# Talk:Dual polygon

## Side bisection vs exterior angle bisection

 The dual of this green pentagon, construction by recitification. These edge midpoints form the vertices of the new (dual) black pentagon. The dual of this green pentagon, construction by bisecting the external angles of each vertex. A new (dual) pentagon is formed by the intersecting of adjacent line bisections.

Here's 2 dual constructions, rectification and vertex angle bisection. The first definitely is not symmetric. I don't know about the second one. Tom Ruen (talk) 04:09, 11 December 2008 (UTC)

I'm guessing "not symmetric" means "dual of dual is not similar to original". In that case the second method is also not symmetric. It almost seems like these two should be meta-dual dualities, with one bisecting the sides while the other bisects the angles, but perhaps that's a dead end -- the angular-dual of a rectangle is a square, but the rectification-dual of a rhombus is not. Joule36e5 (talk) 07:57, 21 May 2012 (UTC)

## Improvement needed

A definition is needed, preferably at the beginning of the article.

I do not understand the comment about cyclic polygons. Can someone make sense of it? --seberle (talk) 19:18, 18 September 2009 (UTC)

## Cyclic/Tangential duality

Two problems here:

In a cyclic polygon, smaller angles correspond to shorter sides, and bigger angles to bigger sides – further, congruent sides in the original yield congruent angles in the dual (a tangential polygon), and conversely. For example, the dual of an acute isosceles triangle is an obtuse isosceles triangle.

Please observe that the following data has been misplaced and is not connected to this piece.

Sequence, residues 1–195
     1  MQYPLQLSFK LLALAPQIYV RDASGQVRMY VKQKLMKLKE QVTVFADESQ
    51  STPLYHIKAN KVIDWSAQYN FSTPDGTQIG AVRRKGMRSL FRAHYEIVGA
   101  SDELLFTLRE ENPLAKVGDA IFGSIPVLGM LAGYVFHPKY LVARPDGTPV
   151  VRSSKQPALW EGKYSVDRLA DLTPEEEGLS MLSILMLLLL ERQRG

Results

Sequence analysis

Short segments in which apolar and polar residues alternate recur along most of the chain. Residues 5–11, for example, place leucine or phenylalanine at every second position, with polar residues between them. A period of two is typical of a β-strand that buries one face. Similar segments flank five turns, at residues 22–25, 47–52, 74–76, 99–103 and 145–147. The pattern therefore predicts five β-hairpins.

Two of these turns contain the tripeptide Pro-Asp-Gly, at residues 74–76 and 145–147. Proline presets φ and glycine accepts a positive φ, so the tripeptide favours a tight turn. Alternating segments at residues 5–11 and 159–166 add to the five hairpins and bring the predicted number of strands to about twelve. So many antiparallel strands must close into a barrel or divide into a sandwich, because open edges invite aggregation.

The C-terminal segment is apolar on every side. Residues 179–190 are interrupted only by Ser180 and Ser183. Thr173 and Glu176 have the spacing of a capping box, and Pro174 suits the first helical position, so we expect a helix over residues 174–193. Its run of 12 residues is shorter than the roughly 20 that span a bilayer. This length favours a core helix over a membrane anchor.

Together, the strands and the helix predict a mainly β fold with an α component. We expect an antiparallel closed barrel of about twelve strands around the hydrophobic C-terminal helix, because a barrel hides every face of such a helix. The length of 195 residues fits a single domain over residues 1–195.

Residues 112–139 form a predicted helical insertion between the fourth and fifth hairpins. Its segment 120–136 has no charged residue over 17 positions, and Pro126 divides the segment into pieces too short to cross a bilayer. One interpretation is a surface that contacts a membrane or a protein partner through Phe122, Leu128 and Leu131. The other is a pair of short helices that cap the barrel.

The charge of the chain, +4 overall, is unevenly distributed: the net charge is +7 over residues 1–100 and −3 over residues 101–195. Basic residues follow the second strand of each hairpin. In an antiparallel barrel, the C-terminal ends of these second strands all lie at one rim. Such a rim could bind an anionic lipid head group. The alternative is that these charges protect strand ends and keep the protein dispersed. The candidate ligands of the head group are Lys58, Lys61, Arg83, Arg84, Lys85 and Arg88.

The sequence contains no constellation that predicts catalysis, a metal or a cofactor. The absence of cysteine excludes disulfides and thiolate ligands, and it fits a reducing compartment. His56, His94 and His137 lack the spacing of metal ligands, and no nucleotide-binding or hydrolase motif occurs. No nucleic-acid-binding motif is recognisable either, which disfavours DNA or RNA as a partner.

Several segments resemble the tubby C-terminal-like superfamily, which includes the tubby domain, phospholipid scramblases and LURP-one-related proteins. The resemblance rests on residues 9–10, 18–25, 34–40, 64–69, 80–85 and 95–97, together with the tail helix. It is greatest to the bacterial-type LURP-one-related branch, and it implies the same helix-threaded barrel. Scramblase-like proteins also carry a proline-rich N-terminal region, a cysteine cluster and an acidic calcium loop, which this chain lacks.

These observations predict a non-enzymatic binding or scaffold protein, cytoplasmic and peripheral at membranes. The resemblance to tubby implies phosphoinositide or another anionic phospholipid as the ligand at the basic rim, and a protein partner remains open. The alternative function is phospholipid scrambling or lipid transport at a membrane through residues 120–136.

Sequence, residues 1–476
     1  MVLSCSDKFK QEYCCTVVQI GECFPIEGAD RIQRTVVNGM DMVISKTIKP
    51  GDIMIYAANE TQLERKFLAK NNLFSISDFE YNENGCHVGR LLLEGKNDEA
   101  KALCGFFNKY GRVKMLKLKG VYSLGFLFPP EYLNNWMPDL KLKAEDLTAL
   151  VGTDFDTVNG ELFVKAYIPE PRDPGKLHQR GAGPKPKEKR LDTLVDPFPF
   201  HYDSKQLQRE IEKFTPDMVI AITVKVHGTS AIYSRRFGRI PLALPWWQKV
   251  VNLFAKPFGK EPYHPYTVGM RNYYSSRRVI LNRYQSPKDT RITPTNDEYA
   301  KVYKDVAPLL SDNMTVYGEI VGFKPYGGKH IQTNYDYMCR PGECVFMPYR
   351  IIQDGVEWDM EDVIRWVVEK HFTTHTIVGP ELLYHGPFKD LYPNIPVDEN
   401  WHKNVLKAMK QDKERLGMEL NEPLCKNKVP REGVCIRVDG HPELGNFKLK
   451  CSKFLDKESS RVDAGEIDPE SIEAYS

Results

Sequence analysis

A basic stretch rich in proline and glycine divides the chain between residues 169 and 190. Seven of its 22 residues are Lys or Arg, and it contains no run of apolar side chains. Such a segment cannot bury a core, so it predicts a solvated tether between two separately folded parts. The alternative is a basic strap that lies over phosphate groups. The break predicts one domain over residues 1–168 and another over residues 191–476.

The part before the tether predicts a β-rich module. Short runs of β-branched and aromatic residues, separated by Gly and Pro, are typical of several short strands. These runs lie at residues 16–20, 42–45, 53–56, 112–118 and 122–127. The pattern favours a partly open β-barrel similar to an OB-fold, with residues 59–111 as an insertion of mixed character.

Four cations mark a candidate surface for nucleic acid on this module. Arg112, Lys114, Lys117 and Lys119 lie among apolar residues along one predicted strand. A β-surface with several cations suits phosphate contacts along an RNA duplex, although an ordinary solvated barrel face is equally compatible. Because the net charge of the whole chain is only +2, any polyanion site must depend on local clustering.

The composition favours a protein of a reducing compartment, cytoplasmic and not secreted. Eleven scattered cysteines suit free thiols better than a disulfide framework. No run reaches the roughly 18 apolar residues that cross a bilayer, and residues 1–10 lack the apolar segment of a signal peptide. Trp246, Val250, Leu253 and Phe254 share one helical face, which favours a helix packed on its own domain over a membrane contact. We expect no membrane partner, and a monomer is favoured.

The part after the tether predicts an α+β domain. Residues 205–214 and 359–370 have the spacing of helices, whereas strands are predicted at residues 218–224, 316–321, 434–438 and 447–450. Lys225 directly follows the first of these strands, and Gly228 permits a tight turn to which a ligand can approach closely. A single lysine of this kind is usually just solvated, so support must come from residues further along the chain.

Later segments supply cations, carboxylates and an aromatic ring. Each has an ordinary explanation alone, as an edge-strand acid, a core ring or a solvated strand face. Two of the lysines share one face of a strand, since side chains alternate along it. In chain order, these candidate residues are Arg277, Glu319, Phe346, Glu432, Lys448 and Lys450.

Firstly, as can be seen in taking the rhombus dual of a rectangle, the relationship is between short sides in the original and larger angles in the dual. Secondly, not every acute isosceles triangle has an obtuse dual, since the limit case is the self-dual equilateral. I've rewritten the former, and changed the latter to read "highly acute", which seems adequate (I don't think we need to be more specific about the degree). Joule36e5 (talk) 22:37, 15 May 2012 (UTC)

It depends on whether one takes the interior or exterior angle: I have edited to make the original author's assumption explicit. And yes, you are right about the isosceles triangles, thanks. — Cheers, Steelpillow (Talk) 20:07, 16 May 2012 (UTC)

## Overall organization

The (tangential) dual of a cyclic polygon should be listed under "kinds of duality". Like rectification, it's "not reversible" (there's surely a better term for that), in this case because the dual is not necessarily cyclic, a requirement for generating the dual of the dual. The section about cyclic quadrilaterals should then be moved into this subsection; it's exhibiting a special case of this duality.

The "Properties" section is problematic. "Regular polygons are self-dual" is clearly true, for any type of duality we consider. Beyond that, the properties depend on the duality. Even isogonal-isotoxal duality is shaky: every isogonal polygon is cyclic, and I believe we get the same isotoxal polygon whether we use cyclic-tangential duality or rectification duality, but they produce different answers for which angles are dual to which sides! "In a cyclic polygon, ..." is specific to cyclic/tangential duality, and judging from the diagram, so is the Dorman Luke construction. Joule36e5 (talk) 09:06, 21 May 2012 (UTC)